By Penny Williams, Australia’s Global Ambassador for Women and Girls.
One in three women will experience violence at the hands of men in their lifetime. In the Pacific this is as high as two in three – two-thirds of the female population experiencing violence from husband, partner, family or friend.
Violence against women is a fundamental social and development issue.
Gender equality is the focus of my visit to the Pacific this week. I will be one member of a bipartisan delegation led by the Parliamentary Secretary for Pacific Island Affairs, Richard Marles. Deputy Leader of the Opposition Julie Bishop, Coalition MP Teresa Gambaro and Government MP Bernie Ripoll will also take part in the trip. Our delegation will visit the Solomon Islands, Federated States of Micronesia, Tuvalu and Samoa.
As well as meeting heads of government and other ministers, we are holding talks with women parliamentarians, women’s groups and will visit Australian-funded programs to promote women and girls’ empowerment.
Gender inequity and the violence that attends it must be tackled head on for developing nations to reach their full potential. As long as violence against women continues, women, their children, their families, whole communities and whole nations are at risk of entrenched poverty and suffering.
Australia has taken a leadership role in strategies to address gender inequality across the globe. It is both the right thing and the smart thing to do. If we don’t address gender inequality, we cannot deliver a more effective aid program. Nor can we deliver on our commitment to the Millennium Development Goals by 2015.
Australia recently co-hosted a policy dialogue with the US, working with Pacific nations to improve and develop new programs to stop violence against women in the Pacific. The dialogue was part of a commitment between Australia and the US, announced by Australian Foreign Minister Kevin Rudd and US Secretary of State Hillary Clinton in 2010, to work together on the appalling challenge of gender-based violence. It is a commitment both to the region and to the rights of women.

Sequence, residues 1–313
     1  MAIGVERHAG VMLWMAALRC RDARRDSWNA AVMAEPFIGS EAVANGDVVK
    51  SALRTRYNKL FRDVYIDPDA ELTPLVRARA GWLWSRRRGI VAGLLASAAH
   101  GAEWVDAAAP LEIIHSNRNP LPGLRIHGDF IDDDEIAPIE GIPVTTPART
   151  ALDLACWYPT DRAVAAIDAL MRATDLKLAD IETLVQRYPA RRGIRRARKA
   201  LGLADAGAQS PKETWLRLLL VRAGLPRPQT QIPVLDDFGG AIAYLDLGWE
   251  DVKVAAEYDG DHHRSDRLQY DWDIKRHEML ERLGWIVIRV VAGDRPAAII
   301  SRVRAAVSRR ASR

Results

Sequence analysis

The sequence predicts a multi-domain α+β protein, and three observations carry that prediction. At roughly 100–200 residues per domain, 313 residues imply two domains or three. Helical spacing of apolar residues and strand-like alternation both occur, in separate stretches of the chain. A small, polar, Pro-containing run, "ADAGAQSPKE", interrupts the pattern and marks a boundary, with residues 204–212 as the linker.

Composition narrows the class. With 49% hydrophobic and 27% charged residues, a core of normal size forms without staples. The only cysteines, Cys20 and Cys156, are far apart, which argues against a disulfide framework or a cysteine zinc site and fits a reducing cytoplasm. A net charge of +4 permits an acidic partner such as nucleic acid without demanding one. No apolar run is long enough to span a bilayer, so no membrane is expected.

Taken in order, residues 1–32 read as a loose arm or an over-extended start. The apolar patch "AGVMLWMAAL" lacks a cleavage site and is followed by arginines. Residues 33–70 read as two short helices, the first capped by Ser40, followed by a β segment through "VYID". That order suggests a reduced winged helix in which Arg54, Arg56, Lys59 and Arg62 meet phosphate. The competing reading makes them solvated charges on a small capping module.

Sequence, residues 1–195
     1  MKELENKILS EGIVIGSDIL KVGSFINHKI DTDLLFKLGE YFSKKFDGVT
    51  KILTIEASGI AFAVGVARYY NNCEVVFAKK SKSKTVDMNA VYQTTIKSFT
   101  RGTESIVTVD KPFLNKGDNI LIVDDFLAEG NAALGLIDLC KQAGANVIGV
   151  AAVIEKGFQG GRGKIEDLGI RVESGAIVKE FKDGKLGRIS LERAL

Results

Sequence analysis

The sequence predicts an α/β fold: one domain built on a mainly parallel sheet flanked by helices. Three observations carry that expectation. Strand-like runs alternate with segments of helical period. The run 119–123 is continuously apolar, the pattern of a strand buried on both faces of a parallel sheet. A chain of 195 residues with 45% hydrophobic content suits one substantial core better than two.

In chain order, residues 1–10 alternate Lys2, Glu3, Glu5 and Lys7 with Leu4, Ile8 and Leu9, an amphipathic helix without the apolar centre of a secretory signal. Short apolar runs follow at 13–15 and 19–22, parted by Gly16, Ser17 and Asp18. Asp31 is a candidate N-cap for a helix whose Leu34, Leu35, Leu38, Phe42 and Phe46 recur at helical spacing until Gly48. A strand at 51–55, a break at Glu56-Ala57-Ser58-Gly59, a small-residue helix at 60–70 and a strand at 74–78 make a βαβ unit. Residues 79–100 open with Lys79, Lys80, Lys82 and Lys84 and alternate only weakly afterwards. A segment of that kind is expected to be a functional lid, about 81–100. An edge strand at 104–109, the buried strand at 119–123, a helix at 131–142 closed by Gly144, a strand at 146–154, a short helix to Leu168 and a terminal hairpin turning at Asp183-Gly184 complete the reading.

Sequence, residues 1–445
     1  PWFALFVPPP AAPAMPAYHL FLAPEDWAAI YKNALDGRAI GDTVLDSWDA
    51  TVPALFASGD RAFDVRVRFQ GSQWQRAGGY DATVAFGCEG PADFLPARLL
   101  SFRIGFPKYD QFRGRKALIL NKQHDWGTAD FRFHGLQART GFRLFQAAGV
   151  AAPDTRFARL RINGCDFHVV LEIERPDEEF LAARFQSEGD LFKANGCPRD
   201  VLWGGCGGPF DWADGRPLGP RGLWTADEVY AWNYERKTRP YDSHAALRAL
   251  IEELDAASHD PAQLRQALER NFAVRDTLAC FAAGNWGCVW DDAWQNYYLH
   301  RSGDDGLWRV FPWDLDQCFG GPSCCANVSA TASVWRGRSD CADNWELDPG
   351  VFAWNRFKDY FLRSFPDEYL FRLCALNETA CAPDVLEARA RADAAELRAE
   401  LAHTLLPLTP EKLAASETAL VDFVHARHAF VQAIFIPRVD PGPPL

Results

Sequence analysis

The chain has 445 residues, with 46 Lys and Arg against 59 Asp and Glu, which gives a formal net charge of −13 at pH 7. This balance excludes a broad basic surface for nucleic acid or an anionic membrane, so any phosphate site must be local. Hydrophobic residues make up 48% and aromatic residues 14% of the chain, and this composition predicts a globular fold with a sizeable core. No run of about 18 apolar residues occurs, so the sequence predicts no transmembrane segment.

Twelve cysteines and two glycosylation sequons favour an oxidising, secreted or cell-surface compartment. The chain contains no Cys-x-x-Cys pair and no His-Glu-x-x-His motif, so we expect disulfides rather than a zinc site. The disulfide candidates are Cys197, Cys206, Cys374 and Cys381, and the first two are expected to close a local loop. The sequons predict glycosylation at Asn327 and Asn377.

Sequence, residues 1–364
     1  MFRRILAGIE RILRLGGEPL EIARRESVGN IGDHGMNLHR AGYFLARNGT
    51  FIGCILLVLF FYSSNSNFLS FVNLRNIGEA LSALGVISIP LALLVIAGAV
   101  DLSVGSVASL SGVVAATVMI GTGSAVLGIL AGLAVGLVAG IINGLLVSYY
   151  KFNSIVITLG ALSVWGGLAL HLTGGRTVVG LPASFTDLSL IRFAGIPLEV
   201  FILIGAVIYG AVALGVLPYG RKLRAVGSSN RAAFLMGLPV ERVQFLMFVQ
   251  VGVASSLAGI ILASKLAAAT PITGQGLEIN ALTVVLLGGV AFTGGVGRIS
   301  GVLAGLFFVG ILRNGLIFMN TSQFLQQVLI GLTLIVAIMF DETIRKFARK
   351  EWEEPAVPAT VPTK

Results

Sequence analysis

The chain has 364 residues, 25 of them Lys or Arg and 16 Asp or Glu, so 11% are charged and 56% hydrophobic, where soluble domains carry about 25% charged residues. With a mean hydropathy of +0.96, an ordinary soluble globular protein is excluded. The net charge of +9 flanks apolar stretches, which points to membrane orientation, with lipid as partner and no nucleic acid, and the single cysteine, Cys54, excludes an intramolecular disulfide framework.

By stopping violence, and empowering women, we bring untold flow-on benefits to nations, developing and developed alike.
That’s why Australia spends aid money to support empowerment projects. We recently committed $96.4 million over four years to combat violence against women. This includes $25 million to expand efforts to end violence against women in Papua New Guinea and across the Pacific. We will be supporting the programs that build on the promising work already being done by Pacific communities themselves. The work includes:
- Funding research to create a baseline for understanding the problem in the Pacific
- Improving women’s access to justice systems
- Strengthening systems so male perpetrators are brought to justice
- Providing support for survivors
Critical are male advocacy training programs. Men are being trained to understand what violence against women is, and how they can stop it, through modifying their own behaviour and the behaviour of other men. By educating men we will be making real change for the future.
As Foreign Minister Mr Rudd said to the APEC Summit on Women and the Economy in September: “Gender based violence is not just a challenge for women, it is a challenge for men. The core problem is this, my gender, the male gender is responsible. Until we deal with this, in many of the developing countries of our part of the world, we will not be able to embrace full economic opportunities for women. That is a core truth.”
A version of this article first appeared in The Canberra Times on 5/11/11 and has since been updated.